- The Washington Times - Sunday, May 31, 2009

Politics runs thick in the blood of the Cardin family, as does a wonkish interest in how policy affects the daily trappings of ordinary Americans. Maryland Sen. Benjamin L. Cardin is about to get a prime opportunity to display both facets of his family legacy.

A studious, low-key lawmaker who has been in elected office more than four decades, the freshman Democratic senator said he will be taking a careful tack as the Senate gears up for the confirmation battle over President Obama’s first nomination to the Supreme Court.

Mr. Cardin figures to have a front seat to history — and a fair amount of television face-time — as one of the lawmakers who will vet New York Judge Sonia Sotomayor on the Senate Judiciary Committee, taking on one of his most high-profile legislative tasks yet.

He has dedicated one staff member exclusively to researching Judge Sotomayor’s work, and has been seeking the advice of his Senate colleagues who have been through multiple Supreme Court confirmations.

See related story: Sotomayor cleared prior Senate hurdles

“I want a person who has a passion for the Constitution, who understands the role of the court,” he said in an interview. “I want them to understand they don’t create the law, they enforce and interpret the law.”

Mr. Obama called Mr. Cardin a week before choosing Judge Sotomayor. After the nomination, Mr. Cardin praised her nomination while adding he would do his due diligence as a senator.

The Cardin family has roots that reach deep in Maryland politics.

Mr. Cardin himself was active politically in the northwest Baltimore city public schools he attended, joining the student government in high school. Politics was a natural calling for Mr. Cardin, whose father and uncle both served as public officials while he was growing up.

His father, Meyer Cardin, was a state lawmaker before serving 18 years as a Baltimore City judge. Mr. Cardin’s uncle, Maurice Cardin, served as a state delegate.

“For some eight decades, the Cardin name has been synonymous with public service and civic-mindedness,” Rep. Steny Hoyer said in 2005, eulogizing Meyer Cardin’s passing.

Mr. Cardin’s roots have helped the low-key lawmaker when he has faced off against some much more telegenic rivals. In the tight, expensive 2006 Democratic primary for the Senate seat he now holds, he was able to defeat NAACP President Kweisi Mfume, a former congressman himself, outspending his better-known rival by nearly four to one.

Mr. Cardin then beat former Maryland Lt. Gov. Michael S. Steele — now the chairman of the Republican National Committee — to become the state’s junior senator, replacing the long-serving Sen. Paul Sarbanes. Mr. Sarbanes and Mr. Cardin were longtime allies, having entered the state legislature as members of the same freshman class 40 years earlier.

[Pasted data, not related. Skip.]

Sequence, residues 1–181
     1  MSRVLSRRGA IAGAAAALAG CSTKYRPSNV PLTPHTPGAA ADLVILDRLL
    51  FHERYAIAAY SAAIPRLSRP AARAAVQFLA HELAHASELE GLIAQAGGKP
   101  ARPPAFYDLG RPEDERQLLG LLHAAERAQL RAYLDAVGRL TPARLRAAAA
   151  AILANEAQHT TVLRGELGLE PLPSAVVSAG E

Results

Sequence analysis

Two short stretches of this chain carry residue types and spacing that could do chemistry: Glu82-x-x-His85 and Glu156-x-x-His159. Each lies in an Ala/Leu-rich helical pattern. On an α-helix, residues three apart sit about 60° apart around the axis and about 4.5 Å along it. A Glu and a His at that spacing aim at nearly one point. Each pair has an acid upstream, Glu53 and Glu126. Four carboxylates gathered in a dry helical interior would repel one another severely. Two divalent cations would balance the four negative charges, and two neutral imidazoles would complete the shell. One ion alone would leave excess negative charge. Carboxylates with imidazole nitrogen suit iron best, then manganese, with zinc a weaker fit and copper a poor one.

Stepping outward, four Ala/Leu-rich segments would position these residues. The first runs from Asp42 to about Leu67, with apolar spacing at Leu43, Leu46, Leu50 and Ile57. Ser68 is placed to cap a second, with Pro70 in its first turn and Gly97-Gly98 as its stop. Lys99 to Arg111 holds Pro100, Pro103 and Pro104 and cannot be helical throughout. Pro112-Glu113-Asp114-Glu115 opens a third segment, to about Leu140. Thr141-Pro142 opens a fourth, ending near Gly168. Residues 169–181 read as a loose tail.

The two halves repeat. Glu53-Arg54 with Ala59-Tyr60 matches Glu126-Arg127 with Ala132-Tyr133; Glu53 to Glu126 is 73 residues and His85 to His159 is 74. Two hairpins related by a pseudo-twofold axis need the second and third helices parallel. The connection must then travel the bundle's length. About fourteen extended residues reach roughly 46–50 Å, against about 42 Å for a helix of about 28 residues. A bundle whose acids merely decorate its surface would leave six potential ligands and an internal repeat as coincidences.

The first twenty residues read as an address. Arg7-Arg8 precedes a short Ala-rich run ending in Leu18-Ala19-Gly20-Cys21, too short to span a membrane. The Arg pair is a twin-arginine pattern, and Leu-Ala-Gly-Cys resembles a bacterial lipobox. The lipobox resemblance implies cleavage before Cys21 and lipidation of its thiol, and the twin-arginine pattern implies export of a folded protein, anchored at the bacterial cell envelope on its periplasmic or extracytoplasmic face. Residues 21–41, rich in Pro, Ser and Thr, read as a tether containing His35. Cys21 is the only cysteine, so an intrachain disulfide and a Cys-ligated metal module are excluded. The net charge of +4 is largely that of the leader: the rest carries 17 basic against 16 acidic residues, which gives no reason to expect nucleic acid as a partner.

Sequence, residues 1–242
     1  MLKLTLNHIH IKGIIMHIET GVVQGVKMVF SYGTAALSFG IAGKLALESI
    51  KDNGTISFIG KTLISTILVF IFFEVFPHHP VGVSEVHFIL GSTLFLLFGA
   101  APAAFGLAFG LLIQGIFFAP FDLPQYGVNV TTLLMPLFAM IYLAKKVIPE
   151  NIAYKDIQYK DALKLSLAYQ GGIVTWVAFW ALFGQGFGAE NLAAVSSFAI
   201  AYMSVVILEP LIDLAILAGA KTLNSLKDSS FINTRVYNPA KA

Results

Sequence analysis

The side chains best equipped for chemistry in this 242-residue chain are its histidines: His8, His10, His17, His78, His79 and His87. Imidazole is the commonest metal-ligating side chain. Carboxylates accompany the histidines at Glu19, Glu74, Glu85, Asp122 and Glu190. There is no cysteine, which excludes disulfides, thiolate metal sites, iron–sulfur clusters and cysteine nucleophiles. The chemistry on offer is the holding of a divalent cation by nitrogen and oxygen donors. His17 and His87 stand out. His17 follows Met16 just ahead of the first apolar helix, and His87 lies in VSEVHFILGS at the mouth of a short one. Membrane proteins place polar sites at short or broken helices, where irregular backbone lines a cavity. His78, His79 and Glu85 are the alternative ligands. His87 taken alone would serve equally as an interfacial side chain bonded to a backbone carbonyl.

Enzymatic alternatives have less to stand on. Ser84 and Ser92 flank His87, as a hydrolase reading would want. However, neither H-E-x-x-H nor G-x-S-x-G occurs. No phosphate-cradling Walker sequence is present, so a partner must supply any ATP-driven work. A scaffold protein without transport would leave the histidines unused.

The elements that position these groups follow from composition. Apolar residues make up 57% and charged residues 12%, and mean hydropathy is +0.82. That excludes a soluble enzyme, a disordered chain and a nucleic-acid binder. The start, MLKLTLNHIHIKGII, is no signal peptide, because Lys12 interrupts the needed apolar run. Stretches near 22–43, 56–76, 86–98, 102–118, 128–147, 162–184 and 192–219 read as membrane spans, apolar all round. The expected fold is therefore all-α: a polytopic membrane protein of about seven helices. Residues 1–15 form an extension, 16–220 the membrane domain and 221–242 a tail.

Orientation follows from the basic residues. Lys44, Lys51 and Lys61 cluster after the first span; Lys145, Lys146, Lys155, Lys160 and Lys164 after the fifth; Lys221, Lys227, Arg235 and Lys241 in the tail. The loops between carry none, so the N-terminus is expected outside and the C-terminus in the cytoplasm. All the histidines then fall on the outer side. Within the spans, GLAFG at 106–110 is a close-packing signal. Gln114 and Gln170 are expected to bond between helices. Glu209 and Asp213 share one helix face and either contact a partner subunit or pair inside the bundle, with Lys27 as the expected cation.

Name-recognition and political roots have generally boded well for Maryland pols. After Mr. Cardin won Mr. Sarbanes’ vacated seat, John Sarbanes, Mr. Sarbanes’ eldest son, won Mr. Cardin’s old congressional seat.

The state’s dynasties even extend to figures who no longer claim Maryland as their home. House Speaker Nancy Pelosi, California Democrat, was raised in Baltimore’s Little Italy as a member of the D’Alessandro family, which produced two Baltimore mayors.

Mr. Cardin took his seat in the Maryland House of Delegates in 1967 at the age of 24 — the first year he was eligible to run. A little over a decade later, he became speaker of the legislature, a position he held for eight years before winning a seat in Congress.

In Annapolis, his primary achievements included a rewrite of the state’s ethics laws and changes to the property-tax laws to allow seniors to stay in their homes.

“I’ve always been interested in taxes. I worked on property taxes when property taxes were extremely repressive,” he said. “We established a ‘circuit breaker’ that allows older people to stay in their homes.”

Mr. Cardin earned his spurs as a serious policy wonk through a sincere love of detail and the minutiae of the legislative process, said his nephew Jon Cardin, now a state delegate representing some of Mr. Cardin’s old district in Baltimore.

Which is not to say Mr. Cardin can’t play politics, he said.

“My uncle has an uncanny way of being three steps ahead of everyone around him,” said Jon Cardin, who added he has learned as much about government by debating policy with his uncle as he has playing card games with him.

The Cardin family gathers every Friday night to mark the Jewish Sabbath and debate policy, including such issues as slot-machine gambling and health care.

“We all look forward to it, we get our weekly dose of politics,” said Jon Cardin, whose father — Mr. Cardin’s older brother — served briefly as the Baltimore City prosecutor.

As a congressman, Mr. Cardin focused his efforts on health care issues for two decades before winning a seat in the Senate.

“Clearly, Washington has gotten more partisan, which is something I regret,” he said of the changes he’s seen since he came to Washington in 1987. “We lose something when we tend to exclude each other.”

As a senator, Mr. Cardin has taken a lead on environmental issues, focusing on the poor status of the Chesapeake Bay. He has also attracted national attention with a proposal to aid the ailing newspaper industry by allowing newspapers to set up as tax-exempt nonprofits as a way to keep from folding.

He lamented the woes of his hometown paper, the Baltimore Sun, which recently laid off 61 news staffers and has shrunk significantly since being acquired by the now-bankrupt Tribune Co.

“You could be assured that anything you were doing was being watched,” he said. “There is national coverage of Congress, but the in-depth, local coverage has really been compromised.”


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